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Lessons from preventive medicine for the precautionary principle and ecosystem health

Calver, M.C. (2000) Lessons from preventive medicine for the precautionary principle and ecosystem health. Ecosystem Health, 6 (2). pp. 99-107.

Link to Published Version: http://dx.doi.org/10.1046/j.1526-0992.2000.00010.x
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Abstract

Preventive medicine establishes clear links between diseases and their causes, therefore illness can be averted or minimized by preventive measures. If this information is widely dispersed through community education, it empowers individuals to undertake decisions likely to improve their health. Significant cost savings are often possible because preventive measures may be cheaper than curative ones. In the case of ecosystem health, the precautionary principle is analogous to preventive medicine because it argues for anticipatory action to protect the environment from possible serious or irreversible harm. The precautionary principle empowers people by involving them in environmental decisions and has a clear need for community education to encourage awareness and participation. It may also save society money in the long term by avoiding the costs of ecological rehabilitation. However, the precautionary principle is fundamentally different from preventive medicine because it argues that action to protect the environment should be undertaken if a causal relationship is only suspected, not established. Thus, the analogy of preventive medicine and the precautionary principle is valuable in highlighting this critical difference and suggests that the precautionary principle will always be deeply contentious because of its focus on uncertainty.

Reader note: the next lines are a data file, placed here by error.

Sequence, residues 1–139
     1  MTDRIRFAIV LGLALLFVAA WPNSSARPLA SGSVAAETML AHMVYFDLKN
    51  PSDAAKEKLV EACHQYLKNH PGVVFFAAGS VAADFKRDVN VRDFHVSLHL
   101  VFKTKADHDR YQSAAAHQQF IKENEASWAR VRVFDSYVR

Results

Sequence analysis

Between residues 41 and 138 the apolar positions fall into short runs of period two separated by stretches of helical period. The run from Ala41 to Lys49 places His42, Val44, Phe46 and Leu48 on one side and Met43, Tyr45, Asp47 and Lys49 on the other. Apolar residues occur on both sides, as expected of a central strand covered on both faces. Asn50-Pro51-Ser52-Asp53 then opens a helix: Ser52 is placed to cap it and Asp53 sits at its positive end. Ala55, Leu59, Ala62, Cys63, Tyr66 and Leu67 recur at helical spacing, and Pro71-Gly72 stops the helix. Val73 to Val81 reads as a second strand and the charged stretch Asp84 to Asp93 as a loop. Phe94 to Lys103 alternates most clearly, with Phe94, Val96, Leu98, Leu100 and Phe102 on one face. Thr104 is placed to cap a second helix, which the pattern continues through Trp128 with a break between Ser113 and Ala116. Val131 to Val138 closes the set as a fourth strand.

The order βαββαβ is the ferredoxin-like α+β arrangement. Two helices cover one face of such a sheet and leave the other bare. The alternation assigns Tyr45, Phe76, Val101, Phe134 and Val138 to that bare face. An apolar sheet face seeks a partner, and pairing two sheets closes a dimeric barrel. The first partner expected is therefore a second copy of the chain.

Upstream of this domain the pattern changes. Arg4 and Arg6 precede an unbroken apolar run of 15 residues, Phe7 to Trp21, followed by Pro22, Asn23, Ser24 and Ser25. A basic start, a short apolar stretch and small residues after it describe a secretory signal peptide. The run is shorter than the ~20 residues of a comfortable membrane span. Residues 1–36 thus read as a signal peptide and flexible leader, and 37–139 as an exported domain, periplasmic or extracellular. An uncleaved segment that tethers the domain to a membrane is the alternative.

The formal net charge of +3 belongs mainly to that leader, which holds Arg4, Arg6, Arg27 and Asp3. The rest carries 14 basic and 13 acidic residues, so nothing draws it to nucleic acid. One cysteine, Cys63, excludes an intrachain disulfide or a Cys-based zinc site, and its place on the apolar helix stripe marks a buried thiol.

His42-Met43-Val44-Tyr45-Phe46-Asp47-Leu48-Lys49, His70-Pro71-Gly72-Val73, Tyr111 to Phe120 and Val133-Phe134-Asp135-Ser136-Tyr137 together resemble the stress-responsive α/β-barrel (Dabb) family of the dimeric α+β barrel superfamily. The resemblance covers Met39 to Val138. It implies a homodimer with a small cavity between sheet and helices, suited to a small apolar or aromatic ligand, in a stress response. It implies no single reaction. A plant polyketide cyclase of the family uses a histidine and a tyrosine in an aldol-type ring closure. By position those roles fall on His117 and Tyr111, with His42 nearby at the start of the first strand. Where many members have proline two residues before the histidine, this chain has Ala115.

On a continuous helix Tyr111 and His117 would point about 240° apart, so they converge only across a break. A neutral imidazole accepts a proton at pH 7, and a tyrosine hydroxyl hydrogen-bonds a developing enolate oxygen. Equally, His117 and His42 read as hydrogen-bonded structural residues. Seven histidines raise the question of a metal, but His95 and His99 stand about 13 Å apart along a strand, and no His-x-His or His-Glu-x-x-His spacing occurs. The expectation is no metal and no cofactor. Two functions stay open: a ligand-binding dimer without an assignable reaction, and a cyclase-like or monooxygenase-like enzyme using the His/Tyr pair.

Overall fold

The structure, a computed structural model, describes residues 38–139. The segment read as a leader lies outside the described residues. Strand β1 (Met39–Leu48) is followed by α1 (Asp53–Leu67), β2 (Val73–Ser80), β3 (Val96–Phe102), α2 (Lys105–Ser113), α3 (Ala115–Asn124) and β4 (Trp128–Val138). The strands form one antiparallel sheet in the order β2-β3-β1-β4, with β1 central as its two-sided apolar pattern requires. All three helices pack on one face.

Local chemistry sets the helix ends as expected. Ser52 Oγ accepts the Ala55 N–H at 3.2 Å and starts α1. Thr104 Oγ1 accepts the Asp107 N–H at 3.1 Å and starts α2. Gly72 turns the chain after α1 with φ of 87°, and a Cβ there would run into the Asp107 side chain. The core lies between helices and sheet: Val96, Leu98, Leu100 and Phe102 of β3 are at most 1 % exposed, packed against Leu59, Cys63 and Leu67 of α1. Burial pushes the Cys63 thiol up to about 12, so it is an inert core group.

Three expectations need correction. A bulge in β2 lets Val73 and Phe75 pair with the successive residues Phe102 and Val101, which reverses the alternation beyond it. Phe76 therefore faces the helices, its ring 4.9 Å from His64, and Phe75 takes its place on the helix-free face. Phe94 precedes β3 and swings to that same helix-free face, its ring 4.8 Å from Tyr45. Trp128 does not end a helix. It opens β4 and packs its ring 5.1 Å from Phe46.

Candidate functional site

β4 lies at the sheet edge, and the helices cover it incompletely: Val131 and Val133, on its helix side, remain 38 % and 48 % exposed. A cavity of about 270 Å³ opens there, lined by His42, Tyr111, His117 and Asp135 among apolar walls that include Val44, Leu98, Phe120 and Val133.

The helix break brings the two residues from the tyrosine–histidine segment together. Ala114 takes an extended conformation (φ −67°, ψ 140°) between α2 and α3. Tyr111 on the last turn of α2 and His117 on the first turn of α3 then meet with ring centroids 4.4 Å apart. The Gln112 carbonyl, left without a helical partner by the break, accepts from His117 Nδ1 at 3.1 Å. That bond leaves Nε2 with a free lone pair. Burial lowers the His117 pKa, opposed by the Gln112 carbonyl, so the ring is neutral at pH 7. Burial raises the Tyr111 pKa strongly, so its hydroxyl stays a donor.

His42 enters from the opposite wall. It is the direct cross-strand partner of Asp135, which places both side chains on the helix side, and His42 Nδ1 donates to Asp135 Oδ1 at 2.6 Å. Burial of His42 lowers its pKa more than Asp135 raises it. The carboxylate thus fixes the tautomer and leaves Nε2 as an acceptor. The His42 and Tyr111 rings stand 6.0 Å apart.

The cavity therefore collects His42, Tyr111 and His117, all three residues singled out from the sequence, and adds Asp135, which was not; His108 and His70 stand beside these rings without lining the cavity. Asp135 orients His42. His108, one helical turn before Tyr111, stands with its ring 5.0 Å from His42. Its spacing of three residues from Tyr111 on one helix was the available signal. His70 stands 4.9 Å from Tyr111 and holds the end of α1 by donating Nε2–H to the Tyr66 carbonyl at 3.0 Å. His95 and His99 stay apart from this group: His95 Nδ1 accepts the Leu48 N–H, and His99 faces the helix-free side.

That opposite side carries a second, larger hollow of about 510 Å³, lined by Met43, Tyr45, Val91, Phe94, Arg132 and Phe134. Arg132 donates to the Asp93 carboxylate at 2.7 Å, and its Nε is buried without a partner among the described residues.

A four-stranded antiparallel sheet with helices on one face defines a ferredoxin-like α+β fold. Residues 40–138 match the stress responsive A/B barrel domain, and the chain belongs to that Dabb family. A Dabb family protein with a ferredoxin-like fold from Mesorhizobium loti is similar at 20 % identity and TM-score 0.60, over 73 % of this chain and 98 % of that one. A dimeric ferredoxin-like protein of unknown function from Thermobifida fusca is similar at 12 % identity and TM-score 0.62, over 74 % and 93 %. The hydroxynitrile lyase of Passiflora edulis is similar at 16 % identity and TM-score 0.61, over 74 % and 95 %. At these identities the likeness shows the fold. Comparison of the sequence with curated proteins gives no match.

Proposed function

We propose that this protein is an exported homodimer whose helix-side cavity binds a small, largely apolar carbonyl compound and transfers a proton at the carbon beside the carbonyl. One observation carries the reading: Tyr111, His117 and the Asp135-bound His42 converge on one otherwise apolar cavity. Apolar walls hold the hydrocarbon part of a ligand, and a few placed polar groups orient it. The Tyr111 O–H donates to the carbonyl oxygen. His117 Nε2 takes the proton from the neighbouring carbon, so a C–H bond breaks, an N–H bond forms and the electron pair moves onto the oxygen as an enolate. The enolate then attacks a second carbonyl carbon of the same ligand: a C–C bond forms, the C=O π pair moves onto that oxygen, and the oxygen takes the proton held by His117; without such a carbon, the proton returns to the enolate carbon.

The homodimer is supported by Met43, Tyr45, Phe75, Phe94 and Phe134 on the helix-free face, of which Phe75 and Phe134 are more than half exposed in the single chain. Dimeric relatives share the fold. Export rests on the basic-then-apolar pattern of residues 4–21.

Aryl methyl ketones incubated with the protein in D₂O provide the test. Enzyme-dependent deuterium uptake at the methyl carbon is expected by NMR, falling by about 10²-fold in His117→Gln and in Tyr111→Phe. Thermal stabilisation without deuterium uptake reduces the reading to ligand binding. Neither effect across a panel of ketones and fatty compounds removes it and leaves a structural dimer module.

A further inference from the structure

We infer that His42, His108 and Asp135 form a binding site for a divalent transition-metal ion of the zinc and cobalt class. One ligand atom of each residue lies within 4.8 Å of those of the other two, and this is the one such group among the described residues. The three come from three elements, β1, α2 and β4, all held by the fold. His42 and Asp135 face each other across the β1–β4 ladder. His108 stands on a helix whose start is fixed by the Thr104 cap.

Publication Type: Journal Article
Murdoch Affiliation: School of Biological Sciences and Biotechnology
Publisher: Springer Verlag
Copyright: (c) Blackwell Science
URI: http://researchrepository.murdoch.edu.au/id/eprint/871
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